With time permitting, perceptions should be tested with a before and after event questions: did the show pan out, deliver expected levels of buyer interest, improve on previous season etc. At Man the paired-back stand aesthetic worked, in keeping with the historic look and feel of a more architecturally engaging building with open atrium. At Capsule the stands in the main halls just looked bare and un-finished, with each brand’s product ranges blending into their neighbour’s. Not good. But in the main, the brands were comfortable in their shoes and felt they were with their peers and had made the right decision of event – the venue, look and feel and administration they are not in control of. And like Man, Capsule was jetting off to New York with some of the same brands in tow (snow storm permitting).
We shouldn’t forget buyer attendance and interest at different trade shows is a clear barometer of market conditions – what the consumer wants, is/ isn’t buying and it will have repercussions all the way along the supply chain. It’s also extremely useful to try and see where the buyer fraternity are going. They now say (yes, they) that London is for media, Paris for buyers – for women particularly. Attending Pitti in Florence – which for a men’s show has no equal, it’s clear this is where the international buyers attend, reinforced by a plethora of Italian retailers – a unique characteristic of its domestic market. How can you not be here, sort of thing?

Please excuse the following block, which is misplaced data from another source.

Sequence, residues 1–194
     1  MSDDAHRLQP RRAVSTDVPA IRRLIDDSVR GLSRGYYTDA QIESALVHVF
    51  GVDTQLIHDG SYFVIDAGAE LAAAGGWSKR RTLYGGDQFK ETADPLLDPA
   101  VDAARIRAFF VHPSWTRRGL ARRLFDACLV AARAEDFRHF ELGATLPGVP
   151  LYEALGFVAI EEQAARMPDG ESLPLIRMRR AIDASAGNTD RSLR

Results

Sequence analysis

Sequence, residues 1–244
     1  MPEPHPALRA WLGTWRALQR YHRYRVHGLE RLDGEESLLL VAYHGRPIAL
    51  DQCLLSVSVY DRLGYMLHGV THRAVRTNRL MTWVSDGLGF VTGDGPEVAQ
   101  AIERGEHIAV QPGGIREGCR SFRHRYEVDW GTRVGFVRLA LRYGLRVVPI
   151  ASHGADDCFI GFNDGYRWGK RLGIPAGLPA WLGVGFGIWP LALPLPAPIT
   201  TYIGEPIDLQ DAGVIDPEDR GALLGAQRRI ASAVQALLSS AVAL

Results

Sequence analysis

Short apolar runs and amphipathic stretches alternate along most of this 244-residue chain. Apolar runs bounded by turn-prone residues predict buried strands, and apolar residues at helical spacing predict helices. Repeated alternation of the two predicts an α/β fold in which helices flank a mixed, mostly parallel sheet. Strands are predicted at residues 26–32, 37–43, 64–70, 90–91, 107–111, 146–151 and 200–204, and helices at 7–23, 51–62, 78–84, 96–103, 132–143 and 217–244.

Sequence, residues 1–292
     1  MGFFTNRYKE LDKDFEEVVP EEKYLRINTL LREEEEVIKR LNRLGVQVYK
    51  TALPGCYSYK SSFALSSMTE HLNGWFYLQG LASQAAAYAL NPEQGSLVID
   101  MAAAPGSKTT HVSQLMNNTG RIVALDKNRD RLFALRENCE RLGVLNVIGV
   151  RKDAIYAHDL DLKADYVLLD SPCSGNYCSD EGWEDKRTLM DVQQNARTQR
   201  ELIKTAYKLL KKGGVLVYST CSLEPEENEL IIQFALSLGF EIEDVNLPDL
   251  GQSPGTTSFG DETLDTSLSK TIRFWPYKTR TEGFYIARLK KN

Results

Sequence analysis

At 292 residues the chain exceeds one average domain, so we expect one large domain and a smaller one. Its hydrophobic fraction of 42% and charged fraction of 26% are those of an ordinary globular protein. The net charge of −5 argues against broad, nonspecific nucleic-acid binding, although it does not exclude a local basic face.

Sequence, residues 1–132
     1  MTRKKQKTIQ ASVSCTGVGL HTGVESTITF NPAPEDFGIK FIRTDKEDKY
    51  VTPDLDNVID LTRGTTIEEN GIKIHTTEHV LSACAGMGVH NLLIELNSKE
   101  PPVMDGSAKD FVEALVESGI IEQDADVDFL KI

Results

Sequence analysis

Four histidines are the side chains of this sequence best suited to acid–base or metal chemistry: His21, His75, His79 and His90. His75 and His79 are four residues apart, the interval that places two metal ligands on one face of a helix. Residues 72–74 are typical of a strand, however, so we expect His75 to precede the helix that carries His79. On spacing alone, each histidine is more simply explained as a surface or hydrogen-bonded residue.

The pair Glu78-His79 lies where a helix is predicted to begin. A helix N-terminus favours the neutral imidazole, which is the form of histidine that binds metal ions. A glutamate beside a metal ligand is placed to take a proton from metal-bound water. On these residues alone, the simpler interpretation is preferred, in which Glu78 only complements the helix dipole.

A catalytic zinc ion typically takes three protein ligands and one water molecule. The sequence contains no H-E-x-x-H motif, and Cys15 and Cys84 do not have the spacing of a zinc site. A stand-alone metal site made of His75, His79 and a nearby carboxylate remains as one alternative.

At Pitti you will still need to choose where to go within the many options and halls – it’s huge, but super cool. And it needs to be about your brand adjacencies. The organisers can seriously help you avoid making a rookie error here. But you may not always agree with their selection of where you should go. And you should not necessarily accept the first offer for position or price. You may not win the negotiation, but it should sharpen your skills. In each exhibition space, the ‘standard price’ will have been negotiated to varying degrees, from free (by invitation) to healthy discounts to the full wack. This is often about buying power – size of stand, number of events attended with same company, who the parent behind the brand is, or just what you think you can get away with! Booking last minute can get last minute deals. Or rubbish any chance of good positioning with decent footfall. Getting there is one thing – making it work is another. Can you be spotted in the main hall? One brand Little White Lies at What’s Next, Paris had deliberately high(er) signage boards that stood above the stands of their peers – they could be seen from way across the hall from all directions. Smart marketing.
With the bigger events there’s a not ill-founded impression of one-size fits all, (Pure London and What’s Next, Paris) and the organisers can’t hope to finesse customised brand development and positioning. So being self-sufficient as soon as possible is a good thing. Reports of emails not answered, phone calls not returned, promises made not kept are the back story for some of these bigger events and it really is ‘buyer beware.’ But for many brands, those that have matured into 4-5 years with a prominent showing, the big shows can yield very healthy order books. It becomes far less about the organisers and more about your staying power and credibility in the market, and of course the all-important design interest in the first place.
By Paul Markevicius